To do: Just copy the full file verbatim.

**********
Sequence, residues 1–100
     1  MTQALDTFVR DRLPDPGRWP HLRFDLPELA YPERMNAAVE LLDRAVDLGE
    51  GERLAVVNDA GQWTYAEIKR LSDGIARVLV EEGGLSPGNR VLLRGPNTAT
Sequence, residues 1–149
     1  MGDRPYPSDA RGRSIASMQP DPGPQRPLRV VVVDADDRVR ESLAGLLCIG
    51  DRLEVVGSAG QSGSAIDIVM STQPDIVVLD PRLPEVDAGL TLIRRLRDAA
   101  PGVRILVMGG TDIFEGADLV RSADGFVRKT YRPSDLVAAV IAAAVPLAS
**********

Sequence, residues 1–100
     1  MTQALDTFVR DRLPDPGRWP HLRFDLPELA YPERMNAAVE LLDRAVDLGE
    51  GERLAVVNDA GQWTYAEIKR LSDGIARVLV EEGGLSPGNR VLLRGPNTAT
Sequence, residues 1–149
     1  MGDRPYPSDA RGRSIASMQP DPGPQRPLRV VVVDADDRVR ESLAGLLCIG
    51  DRLEVVGSAG QSGSAIDIVM STQPDIVVLD PRLPEVDAGL TLIRRLRDAA
   101  PGVRILVMGG TDIFEGADLV RSADGFVRKT YRPSDLVAAV IAAAVPLAS